But not more certainly
For what is built of brick
Or stone
Or concrete and steel
That will not pass away

It is as the old poet wrote
Again and again
Þæs ofereode
Þisses swa mæg

Friday, July 10, 2015


One of the benefits of maintaining a series of writings is that doing so allows for some ease of finding topics. There are always things left untreated in writing that has been done, loose ends that can be tied off later or toothing stones that can be used to build more walls and rooms. It is not proof against not having things about which to write, of course, but it is helpful. Today, it confronts me with two easy possibilities, for one of the ways in which having a body of writing to look over helps can be to look at what was written on similar days in the past. I have twice posted to this webspace on the tenth of July: 2010 and 2014. Either could well be a springboard for further work.

In 2010, I still lived in The City at Bedfordside Garden. My writing was less polished then than it is now, or so it seems to me; I wrote in choppy paragraphs with unreasonably complex sentence structures. I was still at work on dissertation materials at that time, though, and it is possible that that work infected my other writing. Dissertations are consuming, as those who have written them can attest, and since they represent the ability to enter into prevailing academic discourse standards, they tend to be more...complicated in their syntax and lexicon than many other works. Too, they also tend to treat ideas difficult for their writers, a tendency that puts me in mind of Ian Barnard's piece in CCC 61.3, "The Ruse of Clarity." I write in fuller, more developed paragraphs now than I did then, and I like to think that I am better at adjusting my usage to suit my audiences now. That is not to say I dumb things down in this webspace, but I do not write it as I write when I write only to those whose training is like mine.

Last year, I was at Sherwood Cottage, considering the lawn and the social (and legal, as it happens) demands of attending to it. Then, as now, I did not look forward to working with the grass, although I am better equipped to do so now than I was then. I am in better practice with it, and I have more tools with which to perform the tasks, thanks to the kind gifts of family. Then, as now, I struggled with negotiating "traditional" masculinity and my own inclinations, and I wrestled with the idea of presenting a good model of adulthood to Ms. 8. I struggle less now than then, which may be because I either have better ideas now or have given up a large part of the fight to do so. (The former would be better. I worry that the latter is more likely.) My writing was more like what it is now in 2014 than in 2010, both in form and content--understandably so. What that indicates, however, is still not clear to me. More consideration will be needed. Fortunately, I can return to this post in the future, as well.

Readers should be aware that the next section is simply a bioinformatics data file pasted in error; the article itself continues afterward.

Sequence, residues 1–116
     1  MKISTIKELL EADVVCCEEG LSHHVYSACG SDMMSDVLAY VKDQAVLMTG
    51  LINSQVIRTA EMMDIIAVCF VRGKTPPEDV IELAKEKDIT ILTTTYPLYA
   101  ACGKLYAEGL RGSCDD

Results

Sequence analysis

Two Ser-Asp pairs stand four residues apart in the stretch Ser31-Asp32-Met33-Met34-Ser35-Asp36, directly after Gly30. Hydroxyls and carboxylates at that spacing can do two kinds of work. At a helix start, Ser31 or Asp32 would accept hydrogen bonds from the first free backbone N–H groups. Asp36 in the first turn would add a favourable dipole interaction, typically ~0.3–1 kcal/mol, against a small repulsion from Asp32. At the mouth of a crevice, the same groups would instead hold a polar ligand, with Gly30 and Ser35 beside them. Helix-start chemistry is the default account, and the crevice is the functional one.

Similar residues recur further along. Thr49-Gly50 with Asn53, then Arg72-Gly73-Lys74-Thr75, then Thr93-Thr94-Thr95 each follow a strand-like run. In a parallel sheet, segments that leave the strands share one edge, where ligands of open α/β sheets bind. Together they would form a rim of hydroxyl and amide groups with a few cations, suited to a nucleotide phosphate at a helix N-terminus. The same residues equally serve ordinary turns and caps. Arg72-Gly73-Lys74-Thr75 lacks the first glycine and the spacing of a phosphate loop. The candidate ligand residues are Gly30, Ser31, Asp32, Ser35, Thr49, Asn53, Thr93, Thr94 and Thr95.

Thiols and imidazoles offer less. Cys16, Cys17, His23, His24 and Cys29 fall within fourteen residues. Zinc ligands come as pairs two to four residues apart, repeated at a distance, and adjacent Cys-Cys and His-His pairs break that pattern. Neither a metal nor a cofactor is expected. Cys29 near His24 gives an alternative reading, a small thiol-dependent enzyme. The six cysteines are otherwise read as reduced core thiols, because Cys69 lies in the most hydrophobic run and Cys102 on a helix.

Thursday, July 9, 2015


The weather around Sherwood Cottage remains gray. Even now, I hear thunder rumbling across the wind-swept plains, and I do not think it is a basketball team training. How much more rain will fall from it, I do not know. How much more the area needs, I do not know. Nor yet do I know how much more it can stand. I have not left Sherwood Cottage in some days, so I have not seen whether the rivers are yet swollen or the ground still flooded--save in this small place where I live and work, where no river flows and the ground is wet but not standing in water. Again.

I am not likely to leave today, either. I was not able to get as much done on my freelance work as I would prefer; even while Ms. 8 slept, I found myself distracted and less able to work that is my wont. As such, I have to complete the project today, squeezing out several thousand more words in whatever spans of sleep Ms. 8 allows me, or waiting until the Mrs. makes it home from her own work and tends to our daughter so that I can do mine. Combined with the rain and the fact that the Mrs. will take our one car to work today, it makes my venturing out far less than likely.

Normally, remaining at home and at work does not bother me. I have worked to make my home space comfortable for me, and the adjustments to it that continue to occur because of Ms. 8 need overseeing that I am not averse to offering. (Watching things change to suit her as well as her mother and me is interesting. The interaction of what the adults in her life provide her and how she manipulates those things provided entertains and amazes--and it occurs to me that I need to spend some more time considering the implications of what we give her. For if, as I have held--see here and here, among others--home is an externalization of the internal, I have to consider the shaping of the internal by the external. Ms. 8 crafts herself in part, as we all do, but only in part, as is true for all of us. How much and in what ways her grandparents and the Mrs. and I make her, and what it means that we do, needs attention.) Working is one of the few things I feel that I can do and be of some account--something else I have discussed at length in this webspace.

From time to time, though, I have the feeling that it is not enough. I tend towards being a hermit, but it is only a tendency; I am not thoroughgoing enough in it to be truly comfortable in isolation. (It is not the only thing for which it is true; I am "not enough" of a great many things, and it causes problems.) Today seems to be one of those days already; a nagging feeling of wanting something more or something else besets me. Unfortunately, I cannot indulge it. I cannot afford to, either in myself or in terms of the selfishness implied. And so I will set aside the feeling once again and get back to work, now that I have cleared out what needs clearing.

Wednesday, July 8, 2015